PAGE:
A bill introduced this summer that would waive for 2022 the required minimum distribution rules for defined contribution or individual retirement plans has little chance of making it into the final Secure Act 2.0 package, according to Ed Slott of Ed Slott & Co.
Rep. Warren Davidson, R-Ohio, introduced the bill in July, and it has been referred to the House Ways and Means Committee.
Under current law, participants in tax-exempt retirement plans must begin taking distributions at the required beginning date (i.e., April 1 or the calendar year following the later of the calendar year in which the employee turns 72, or the calendar year in which the employee retires).
Ed Slott of Ed Slott & Co. told ThinkAdvisor on Thursday that Davidson’s bill is unlikely to gain traction this year. “Plus, it’s way too late in the year to waive RMDs because it would create more problems than solutions. Advisors would be spending more time on the phone with clients who already took their RMDs — asking, ‘What do I do now?”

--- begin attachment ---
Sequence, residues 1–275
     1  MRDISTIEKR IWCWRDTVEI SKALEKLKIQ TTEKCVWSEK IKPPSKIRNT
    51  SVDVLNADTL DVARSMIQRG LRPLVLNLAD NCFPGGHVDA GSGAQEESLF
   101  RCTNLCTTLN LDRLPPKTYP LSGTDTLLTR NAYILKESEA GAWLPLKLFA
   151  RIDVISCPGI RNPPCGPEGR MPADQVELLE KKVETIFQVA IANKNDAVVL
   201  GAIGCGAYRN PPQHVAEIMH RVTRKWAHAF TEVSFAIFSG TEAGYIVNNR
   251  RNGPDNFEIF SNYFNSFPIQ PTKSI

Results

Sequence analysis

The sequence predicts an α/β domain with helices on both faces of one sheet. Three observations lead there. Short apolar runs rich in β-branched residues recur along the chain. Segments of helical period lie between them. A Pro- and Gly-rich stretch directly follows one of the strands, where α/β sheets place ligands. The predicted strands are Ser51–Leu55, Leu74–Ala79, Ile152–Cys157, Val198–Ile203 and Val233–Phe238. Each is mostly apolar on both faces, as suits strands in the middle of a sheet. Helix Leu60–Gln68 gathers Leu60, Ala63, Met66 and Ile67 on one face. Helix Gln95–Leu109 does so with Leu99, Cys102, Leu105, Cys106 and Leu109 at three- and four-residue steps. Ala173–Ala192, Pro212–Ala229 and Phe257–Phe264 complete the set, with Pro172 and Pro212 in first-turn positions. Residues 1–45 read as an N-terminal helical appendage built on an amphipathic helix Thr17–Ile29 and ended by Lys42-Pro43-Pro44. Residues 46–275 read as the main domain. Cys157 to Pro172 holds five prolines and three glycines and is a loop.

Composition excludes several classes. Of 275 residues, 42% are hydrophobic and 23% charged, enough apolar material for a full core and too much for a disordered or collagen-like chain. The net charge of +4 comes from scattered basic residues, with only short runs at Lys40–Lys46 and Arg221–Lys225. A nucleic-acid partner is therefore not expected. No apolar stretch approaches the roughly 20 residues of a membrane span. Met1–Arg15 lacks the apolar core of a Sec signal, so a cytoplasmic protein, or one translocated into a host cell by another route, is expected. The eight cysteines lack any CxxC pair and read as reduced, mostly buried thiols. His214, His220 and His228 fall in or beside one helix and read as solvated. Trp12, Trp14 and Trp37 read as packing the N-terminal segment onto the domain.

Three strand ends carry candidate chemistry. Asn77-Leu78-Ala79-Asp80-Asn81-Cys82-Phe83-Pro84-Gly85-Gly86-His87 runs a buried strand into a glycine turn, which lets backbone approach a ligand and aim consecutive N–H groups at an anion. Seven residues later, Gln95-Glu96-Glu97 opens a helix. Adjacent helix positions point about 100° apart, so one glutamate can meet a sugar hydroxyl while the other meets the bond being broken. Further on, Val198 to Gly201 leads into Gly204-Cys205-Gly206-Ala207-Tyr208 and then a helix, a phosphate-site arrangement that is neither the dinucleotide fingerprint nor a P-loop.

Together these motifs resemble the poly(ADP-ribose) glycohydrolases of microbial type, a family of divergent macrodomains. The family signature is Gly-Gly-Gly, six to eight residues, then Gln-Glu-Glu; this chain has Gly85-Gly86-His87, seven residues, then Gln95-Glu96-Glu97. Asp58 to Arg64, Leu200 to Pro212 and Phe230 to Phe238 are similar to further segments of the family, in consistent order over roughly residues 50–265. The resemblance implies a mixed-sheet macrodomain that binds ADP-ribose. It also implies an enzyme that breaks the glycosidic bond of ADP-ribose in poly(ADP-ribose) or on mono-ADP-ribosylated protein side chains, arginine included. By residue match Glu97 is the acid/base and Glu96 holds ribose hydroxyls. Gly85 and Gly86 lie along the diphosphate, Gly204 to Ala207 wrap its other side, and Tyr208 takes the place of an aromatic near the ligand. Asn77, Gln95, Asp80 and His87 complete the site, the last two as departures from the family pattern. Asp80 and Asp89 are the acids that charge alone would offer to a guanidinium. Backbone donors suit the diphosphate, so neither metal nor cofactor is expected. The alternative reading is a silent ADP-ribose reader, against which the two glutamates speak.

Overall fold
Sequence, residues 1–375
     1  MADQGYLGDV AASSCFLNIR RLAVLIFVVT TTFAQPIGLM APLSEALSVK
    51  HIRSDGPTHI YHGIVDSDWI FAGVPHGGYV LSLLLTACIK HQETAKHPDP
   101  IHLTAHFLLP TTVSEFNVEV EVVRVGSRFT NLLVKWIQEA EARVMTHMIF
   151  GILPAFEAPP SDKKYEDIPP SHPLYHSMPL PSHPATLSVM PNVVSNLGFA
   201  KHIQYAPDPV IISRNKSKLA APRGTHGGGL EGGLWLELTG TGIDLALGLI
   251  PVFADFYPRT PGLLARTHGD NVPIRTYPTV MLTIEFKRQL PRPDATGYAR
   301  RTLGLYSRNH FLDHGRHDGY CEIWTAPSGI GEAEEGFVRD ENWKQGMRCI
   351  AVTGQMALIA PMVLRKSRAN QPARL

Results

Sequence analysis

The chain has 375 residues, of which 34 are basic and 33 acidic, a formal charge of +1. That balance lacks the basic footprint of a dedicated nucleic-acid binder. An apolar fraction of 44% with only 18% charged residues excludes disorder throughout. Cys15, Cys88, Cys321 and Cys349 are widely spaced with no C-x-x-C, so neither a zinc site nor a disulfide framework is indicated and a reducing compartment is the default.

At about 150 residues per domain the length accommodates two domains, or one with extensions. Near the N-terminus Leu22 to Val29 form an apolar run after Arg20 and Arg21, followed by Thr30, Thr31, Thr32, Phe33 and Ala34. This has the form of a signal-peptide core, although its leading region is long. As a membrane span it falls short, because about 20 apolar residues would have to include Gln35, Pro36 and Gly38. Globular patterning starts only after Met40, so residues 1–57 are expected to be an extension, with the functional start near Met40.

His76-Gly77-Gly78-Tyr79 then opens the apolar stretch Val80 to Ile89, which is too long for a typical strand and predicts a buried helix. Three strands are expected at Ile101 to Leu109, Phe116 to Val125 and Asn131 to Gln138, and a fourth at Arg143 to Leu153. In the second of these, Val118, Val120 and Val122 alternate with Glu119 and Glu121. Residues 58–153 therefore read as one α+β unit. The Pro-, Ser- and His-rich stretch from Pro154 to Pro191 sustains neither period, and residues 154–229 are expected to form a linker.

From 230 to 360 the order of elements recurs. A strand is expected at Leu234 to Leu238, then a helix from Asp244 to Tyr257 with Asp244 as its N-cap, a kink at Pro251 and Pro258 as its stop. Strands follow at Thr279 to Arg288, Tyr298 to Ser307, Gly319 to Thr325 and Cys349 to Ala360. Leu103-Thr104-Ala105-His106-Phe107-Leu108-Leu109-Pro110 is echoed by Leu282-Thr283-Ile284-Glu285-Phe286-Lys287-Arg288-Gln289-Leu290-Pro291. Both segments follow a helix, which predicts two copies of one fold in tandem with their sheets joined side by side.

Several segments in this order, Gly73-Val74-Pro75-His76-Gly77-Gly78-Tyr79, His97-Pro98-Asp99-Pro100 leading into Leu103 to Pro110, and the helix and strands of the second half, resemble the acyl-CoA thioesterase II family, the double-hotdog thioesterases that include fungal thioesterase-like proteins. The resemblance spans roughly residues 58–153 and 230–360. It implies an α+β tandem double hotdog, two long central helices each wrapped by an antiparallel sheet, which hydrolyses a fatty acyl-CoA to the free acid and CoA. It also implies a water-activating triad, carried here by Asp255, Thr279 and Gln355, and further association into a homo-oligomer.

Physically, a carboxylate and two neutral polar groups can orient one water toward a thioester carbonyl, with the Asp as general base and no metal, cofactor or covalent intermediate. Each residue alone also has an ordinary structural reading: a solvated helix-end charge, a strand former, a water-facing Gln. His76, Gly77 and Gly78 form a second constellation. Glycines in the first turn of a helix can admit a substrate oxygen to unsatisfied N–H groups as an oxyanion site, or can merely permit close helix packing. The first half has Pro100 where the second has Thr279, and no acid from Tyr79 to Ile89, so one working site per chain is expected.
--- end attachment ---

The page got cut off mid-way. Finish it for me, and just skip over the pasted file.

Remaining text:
While Davidson’s bill, H.R. 8331, provides for a temporary waiver for RMDs, the bills that are expected to make up the Secure 2.0 package raise the RMD age from 72 to 75. Slott doesn’t see an RMD waiver making it into the final Secure Act 2.0 package.
Under the House-passed Securing a Strong Retirement Act of 2022, as well as the Senate’s Enhancing American Retirement Now (EARN) Act and the Retirement Improvement and Savings Enhancement to Supplement Healthy Investments for the Nest Egg, or Rise & Shine, Act, the age for taking RMDs from IRAs would increase.
The House bill would delay the first RMD year to age 73 from 72 beginning in 2023, 74 in 2030 and 75 in 2033. The Senate EARN bill would change the first RMD year to age 75, effective in 2032.